What’s the plan to tackle rising hardship?

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By Katie Schmuecker, Principal Policy Advisor at Joseph Rowntree Foundation

No one in our country should have to rely on charity because they can’t afford basic items like toilet roll and washing powder, or have to survive on one meal a day so their kids can eat. But this is the reality for growing numbers of people, according to the Joseph Rowntree Foundation and Heriot-Watt University’s Destitution in the UK study.

2024 will see metro mayoral elections, and (almost certainly) a General Election too. So we are calling on all parties to make tackling destitution a priority, and to set out their plans to reverse rising hardship.

Destitution has more than doubled in five years

Hardship is intensifying in our country. Nowhere is this seen more clearly than in the number of people experiencing destitution, unable to afford to meet their most basic physical needs to stay warm, dry, clean and fed. This most severe form of hardship more than doubled in five years, to reach a shaming 3.8 million people experiencing destitution at some point in 2022. This includes one million children – a figure that has almost tripled in the same period.

Greater Manchester is at the sharp end of these trends. Several local authority areas have high rates of destitution, with Manchester ranked second in Great Britain (after Newham in London), Salford 12th, Rochdale 25th and Oldham 28th.

A major driver of destitution has been the cuts and freezes that have worn away at the adequacy of our social security system. More than seven in 10 of the people experiencing destitution received social security payments, demonstrating they are no longer doing the basic job of protecting people from severe hardship. Layer on top of that the price of essentials sharply rising, crippling levels of debt for some people, a housing crisis, increasingly rationed public services and a growing number of migrants who are not entitled to help in a crisis because they have ‘no recourse to public funds’. It is hardly surprising that destitution is rising.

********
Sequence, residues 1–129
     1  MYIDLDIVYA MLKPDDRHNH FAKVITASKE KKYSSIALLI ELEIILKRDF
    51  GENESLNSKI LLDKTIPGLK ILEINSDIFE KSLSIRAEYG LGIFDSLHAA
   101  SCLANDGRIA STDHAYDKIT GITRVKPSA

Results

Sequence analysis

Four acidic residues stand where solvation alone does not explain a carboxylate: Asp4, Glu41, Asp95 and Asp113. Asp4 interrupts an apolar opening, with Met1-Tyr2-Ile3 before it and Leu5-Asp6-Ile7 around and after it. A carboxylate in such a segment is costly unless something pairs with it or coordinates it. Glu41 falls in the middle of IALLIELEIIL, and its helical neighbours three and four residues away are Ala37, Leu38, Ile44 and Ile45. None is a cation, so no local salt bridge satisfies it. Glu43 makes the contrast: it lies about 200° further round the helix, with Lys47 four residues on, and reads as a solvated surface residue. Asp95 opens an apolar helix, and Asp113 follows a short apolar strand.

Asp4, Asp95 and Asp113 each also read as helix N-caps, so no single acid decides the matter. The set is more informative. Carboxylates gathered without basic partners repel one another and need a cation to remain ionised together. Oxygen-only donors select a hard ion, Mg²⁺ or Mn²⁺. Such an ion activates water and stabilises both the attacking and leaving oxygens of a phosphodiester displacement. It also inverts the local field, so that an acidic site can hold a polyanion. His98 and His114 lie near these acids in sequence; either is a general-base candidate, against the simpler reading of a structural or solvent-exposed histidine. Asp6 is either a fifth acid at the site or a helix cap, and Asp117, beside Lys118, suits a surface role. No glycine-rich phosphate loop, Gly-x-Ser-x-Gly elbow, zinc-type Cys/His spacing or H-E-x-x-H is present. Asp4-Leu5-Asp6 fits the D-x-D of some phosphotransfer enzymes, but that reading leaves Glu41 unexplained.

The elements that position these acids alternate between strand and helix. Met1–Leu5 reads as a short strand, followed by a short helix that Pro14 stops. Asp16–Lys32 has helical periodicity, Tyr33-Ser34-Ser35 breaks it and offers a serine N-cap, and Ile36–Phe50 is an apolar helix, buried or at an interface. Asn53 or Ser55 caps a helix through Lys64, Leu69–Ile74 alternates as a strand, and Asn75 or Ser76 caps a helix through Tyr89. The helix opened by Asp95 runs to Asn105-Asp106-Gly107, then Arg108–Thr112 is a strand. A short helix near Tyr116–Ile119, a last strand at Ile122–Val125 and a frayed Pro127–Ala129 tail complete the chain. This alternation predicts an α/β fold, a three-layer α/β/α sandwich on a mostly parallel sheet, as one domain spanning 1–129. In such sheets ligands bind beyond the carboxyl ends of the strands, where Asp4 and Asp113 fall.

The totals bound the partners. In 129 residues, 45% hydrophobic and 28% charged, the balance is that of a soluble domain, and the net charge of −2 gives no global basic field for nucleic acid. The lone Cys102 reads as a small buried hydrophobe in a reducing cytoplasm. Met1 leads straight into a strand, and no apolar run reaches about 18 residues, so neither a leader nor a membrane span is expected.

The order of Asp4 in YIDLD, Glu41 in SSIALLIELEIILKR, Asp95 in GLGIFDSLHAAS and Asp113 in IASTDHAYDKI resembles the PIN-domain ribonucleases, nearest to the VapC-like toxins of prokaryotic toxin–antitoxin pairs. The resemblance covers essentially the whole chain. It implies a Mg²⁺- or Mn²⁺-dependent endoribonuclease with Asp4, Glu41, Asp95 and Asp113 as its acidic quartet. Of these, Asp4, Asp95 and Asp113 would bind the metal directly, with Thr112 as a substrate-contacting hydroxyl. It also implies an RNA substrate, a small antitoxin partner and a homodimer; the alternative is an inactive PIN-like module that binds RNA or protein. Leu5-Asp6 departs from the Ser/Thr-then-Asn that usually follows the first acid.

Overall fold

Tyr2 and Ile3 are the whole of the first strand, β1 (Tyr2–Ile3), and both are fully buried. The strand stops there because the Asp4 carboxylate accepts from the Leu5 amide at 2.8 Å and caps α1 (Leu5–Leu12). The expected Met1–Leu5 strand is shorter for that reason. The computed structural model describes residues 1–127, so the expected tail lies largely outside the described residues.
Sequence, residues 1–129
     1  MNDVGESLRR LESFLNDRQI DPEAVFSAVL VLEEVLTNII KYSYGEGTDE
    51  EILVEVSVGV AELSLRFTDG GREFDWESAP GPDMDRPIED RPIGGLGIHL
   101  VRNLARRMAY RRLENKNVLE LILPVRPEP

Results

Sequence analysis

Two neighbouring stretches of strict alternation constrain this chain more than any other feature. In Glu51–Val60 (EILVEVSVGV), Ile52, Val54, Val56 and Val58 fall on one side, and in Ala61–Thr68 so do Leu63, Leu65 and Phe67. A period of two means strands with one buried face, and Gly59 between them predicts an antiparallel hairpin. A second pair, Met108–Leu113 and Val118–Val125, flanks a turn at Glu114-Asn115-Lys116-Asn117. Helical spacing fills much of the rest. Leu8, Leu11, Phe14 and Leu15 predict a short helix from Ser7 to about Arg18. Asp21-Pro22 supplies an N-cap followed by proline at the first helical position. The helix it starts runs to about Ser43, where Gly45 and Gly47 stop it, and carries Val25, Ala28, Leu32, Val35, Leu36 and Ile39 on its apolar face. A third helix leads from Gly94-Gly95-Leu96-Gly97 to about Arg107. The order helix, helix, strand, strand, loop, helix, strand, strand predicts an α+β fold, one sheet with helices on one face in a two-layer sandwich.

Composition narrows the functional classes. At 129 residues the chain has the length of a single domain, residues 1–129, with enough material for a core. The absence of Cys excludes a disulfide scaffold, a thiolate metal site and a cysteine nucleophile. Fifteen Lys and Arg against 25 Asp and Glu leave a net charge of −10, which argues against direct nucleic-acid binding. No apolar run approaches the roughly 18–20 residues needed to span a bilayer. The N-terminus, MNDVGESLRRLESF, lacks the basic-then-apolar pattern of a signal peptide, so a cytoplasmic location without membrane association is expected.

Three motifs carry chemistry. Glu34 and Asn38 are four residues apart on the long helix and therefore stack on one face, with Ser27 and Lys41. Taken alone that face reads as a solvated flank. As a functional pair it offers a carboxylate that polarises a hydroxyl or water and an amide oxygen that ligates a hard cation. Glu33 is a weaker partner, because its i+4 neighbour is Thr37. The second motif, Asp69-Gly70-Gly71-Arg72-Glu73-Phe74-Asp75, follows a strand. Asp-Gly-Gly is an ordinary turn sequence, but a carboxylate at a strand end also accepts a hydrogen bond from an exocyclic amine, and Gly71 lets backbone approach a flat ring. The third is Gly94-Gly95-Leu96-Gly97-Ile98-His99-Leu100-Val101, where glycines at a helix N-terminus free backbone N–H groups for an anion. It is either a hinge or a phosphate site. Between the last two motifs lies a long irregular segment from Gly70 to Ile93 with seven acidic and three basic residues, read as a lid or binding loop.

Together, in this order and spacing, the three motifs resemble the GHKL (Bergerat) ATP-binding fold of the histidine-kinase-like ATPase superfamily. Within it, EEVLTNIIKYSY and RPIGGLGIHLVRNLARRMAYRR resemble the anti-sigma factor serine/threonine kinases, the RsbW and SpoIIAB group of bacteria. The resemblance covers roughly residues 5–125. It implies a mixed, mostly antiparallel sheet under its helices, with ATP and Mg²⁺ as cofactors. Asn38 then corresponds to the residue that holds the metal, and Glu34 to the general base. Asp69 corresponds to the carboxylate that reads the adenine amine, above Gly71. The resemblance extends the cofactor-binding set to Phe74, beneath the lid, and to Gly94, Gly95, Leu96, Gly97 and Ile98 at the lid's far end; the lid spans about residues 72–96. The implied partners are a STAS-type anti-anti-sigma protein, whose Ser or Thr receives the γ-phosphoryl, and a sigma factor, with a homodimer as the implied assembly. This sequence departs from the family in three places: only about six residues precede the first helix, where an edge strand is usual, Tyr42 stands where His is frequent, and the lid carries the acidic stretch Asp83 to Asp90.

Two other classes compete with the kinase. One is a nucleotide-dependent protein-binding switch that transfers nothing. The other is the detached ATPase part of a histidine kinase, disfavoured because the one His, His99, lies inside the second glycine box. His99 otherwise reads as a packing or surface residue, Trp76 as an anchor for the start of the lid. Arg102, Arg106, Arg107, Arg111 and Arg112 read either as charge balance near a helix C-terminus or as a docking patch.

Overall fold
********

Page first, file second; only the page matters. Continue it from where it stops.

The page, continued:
Towards a plan to address hardship

We need to see urgent action to address growing hardship. It should cover five areas:

  • Reforming social security: removing the sharp edges of the system that drive destitution, such as unaffordable deductions from benefits, disability benefits that are difficult and slow to access and severe sanctions. In addition, Government should work towards an ‘Essentials Guarantee’ in Universal Credit, so it is always at least enough to afford life’s essentials such as food, utility bills and basic toiletries.
  • A place to call home: with rents that people can afford and protections for renters against eviction. This should be accompanied by a renewed ambition to end homelessness.
  • Plugging the gap in crisis support locally: by making the £1billion Household Support Fund a permanent part of local crisis assistance, and knitting it together with practical help and advice to get people back on their feet and the wealth of energy, creativity and relationships in communities that bring people purpose and connection.
  • Protection for everyone in our communities: no matter who you are or where you come from. This should include making it quicker and easier for people with ‘no recourse to public funds’ to have the condition lifted when they face hardship, allowing asylum seekers to work after six months and allowing people granted refugee status a longer ‘move on’ period from asylum accommodation.
  • Strengthening the foundations for security: lasting change will also require more good jobs that are secure, accessible and pay living wages, building more social housing and taking action to shift our tenure mix towards more affordable and secure tenures.

We are seeing hardship on a scale that cannot be ignored. But we are not helpless to act – we just need a plan.

This article is featured in our 13 December newsletter. To get more articles like this delivered straight to your inbox, sign up to our mailing list.

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